Thursday, June 10, 2010
Dear God, I Hate Myself (Xiu Xiu) (2010)
Lion in a Coma
Though his name isn’t familiar outside of indie, Jaime Stewart has spent the past decade as the main persona of the experimental-pop rock band Xiu Xiu (pronounced zhoo zhoo) and as a ringleader for the emo-rock movement. In many ways, he is the movement’s poet laureate and it takes its cues from his dark lyricism and subject palette. Of course, no movement can be held in sway by one person for too long and if Dear God, I Hate Myself is any indicator of Xiu Xiu’s future direction then Stewart’s reign is slowly coming to and end.
But, first we have to summarize what the band has achieved: Xiu Xiu’s music has remained totally uncompromising since their debut ten years ago. Stewart’s angst-ridden, queer lyrics craftily continue to expose a wounded psyche and combined with terrific pop beats it creates the type of music that only they seem capable of anymore.
Maybe then it is that weight of continuity that makes Dear God, I Hate Myself miss its own sardonic point. That of course is the point of being mired deliciously in self-depreciation. Instead, the lovely opening track (Gray Death) aside, it sounds more like a decade’s worth of album rejects and B side recordings that somehow never got completed. Coming off the cool-- yet not heavy critical embrace of-- Women as Lovers (2008) one felt the band was finally full circle. Everything was poised for a breakthrough.
It has not materialized however. I could give many different theories for this but the only one that sticks is Stewart’s great disappointment that no one really seemed to ‘get’ his last album. Thus, this new one isn’t titled as a personal reference but as a professional one. It is smattered with cynicism and unnecessary levels of morose insights. Instead of Stewart using his disappointment with determination he struggles for consistency throughout (for example, Chocolate Makes you Happy starts with riveting promise then tapers off way too easily). This is not with the album’s professed self-loathing but rather his dogged meandering. His interpretation of pop as a main tool of expression has always been fantastically abstract yet somewhat held back. Therefore, his whimsical lyrics have always played around the twin evils of abuse and unrequited desire but the last half of Dear God, I Hate Myself really drags because there’s no gay complexity or subtext present, just empty, boring space.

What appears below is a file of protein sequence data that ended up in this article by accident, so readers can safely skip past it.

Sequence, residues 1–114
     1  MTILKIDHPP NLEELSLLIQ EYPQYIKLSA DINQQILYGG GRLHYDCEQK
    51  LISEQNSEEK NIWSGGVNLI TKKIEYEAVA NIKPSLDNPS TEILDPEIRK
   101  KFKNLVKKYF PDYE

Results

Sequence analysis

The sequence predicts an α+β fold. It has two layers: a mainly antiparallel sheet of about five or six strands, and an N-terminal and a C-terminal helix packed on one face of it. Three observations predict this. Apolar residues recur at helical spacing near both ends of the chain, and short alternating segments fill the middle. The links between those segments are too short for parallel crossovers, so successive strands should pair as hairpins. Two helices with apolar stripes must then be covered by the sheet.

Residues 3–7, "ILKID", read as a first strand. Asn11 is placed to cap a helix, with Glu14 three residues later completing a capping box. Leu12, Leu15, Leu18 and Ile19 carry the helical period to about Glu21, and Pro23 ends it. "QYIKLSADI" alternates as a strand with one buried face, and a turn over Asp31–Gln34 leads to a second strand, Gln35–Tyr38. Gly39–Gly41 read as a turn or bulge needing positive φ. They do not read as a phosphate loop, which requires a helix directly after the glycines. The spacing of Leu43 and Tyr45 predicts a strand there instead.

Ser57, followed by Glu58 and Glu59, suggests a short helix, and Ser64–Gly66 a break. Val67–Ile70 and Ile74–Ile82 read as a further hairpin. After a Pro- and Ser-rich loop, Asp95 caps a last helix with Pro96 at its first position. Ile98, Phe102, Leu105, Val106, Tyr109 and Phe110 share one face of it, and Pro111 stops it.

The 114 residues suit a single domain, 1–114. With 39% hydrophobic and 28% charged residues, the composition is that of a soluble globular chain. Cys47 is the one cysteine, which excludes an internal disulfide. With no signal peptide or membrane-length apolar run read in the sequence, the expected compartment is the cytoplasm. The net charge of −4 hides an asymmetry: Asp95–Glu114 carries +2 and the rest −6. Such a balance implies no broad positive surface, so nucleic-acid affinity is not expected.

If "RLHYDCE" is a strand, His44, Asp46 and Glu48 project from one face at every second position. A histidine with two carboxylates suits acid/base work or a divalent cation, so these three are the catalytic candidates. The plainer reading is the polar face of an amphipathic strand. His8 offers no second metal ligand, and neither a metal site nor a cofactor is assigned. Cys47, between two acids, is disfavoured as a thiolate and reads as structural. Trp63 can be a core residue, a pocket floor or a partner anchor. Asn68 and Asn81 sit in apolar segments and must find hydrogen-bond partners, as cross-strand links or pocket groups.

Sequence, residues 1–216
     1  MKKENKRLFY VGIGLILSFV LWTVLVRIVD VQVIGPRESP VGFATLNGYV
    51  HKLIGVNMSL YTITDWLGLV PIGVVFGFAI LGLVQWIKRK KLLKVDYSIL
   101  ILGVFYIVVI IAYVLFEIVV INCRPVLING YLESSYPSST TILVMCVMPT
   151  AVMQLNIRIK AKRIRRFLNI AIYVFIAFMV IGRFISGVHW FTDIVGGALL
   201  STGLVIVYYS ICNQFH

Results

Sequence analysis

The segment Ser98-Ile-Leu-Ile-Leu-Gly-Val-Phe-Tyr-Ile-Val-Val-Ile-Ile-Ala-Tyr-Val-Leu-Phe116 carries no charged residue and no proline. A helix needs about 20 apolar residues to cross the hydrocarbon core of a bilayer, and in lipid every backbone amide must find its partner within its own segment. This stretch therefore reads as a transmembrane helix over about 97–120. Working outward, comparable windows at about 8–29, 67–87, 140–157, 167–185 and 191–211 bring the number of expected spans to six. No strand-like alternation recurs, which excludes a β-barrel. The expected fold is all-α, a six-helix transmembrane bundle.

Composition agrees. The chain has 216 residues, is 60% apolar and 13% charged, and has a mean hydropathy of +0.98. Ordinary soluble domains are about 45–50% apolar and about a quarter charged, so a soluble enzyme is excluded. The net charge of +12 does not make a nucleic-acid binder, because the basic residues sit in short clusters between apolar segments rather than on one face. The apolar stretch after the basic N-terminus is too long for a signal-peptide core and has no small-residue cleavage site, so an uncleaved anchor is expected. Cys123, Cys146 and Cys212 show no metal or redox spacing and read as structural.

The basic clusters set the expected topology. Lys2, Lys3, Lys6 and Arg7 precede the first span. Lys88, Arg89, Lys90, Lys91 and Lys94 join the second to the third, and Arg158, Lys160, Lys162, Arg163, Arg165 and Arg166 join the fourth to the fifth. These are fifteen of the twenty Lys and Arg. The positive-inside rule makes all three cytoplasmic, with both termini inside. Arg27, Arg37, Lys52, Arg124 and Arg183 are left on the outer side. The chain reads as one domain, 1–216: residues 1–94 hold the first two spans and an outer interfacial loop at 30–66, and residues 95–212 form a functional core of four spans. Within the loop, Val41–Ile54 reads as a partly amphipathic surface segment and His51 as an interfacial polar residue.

Which is a great indictment I know, but one that must be acknowledged before the band runs the risk of self-parody. Stewart remains-- amid this falling off--fascinating: his ticking time-bomb vocals still utter breathy non sequitors but the idealism of queer indie music keeps evolving whereas his has not. These kids now have FrYars and Patrick Wolf for affirmation so there is no further need for Stewart’s apparent resistance to change or adaptability to newer thematic ideas. How he got stuck in this holding pattern is not clear but it’s not as if the structural style of Xiu Xiu’s music has diverged greatly since their debut. Even their acclaimed Fabulous Muscles (2004) was very choppy despite having a much sharper personal focus.
Maybe what Stewart hasn’t realized yet is the extent of his collective’s development. Dear God, I Hate Myself never allows its production to subvert things beyond the point of recognition or his total control. So, both Impossible Feeling and This Too Shall Pass Away shut down well before lifting off into unchartered territory. That phrase, unchartered territory, is vital because Xiu Xiu is all Jaime Stewart, all the time so we’re not sure what their true capability lies outside of his doomed poetry. If Women as Lovers was the culmination of dark envy maybe it’s time for a second-party exploration or a break from the minimalistic sound they’ve used exclusively since The Air Force (2006). Lord knows we’ve marveled at his genius (The Leash, from the aforementioned Women as Lovers, is a terrifying piece of psycho-sexual brilliance) but now we’ve borne witness to this impasse. Not quite a step back but here is Stewart dawdling at the fork in the road, unsure where to next with us urging him from the sidelines to get on with it already and stop being such a pussy.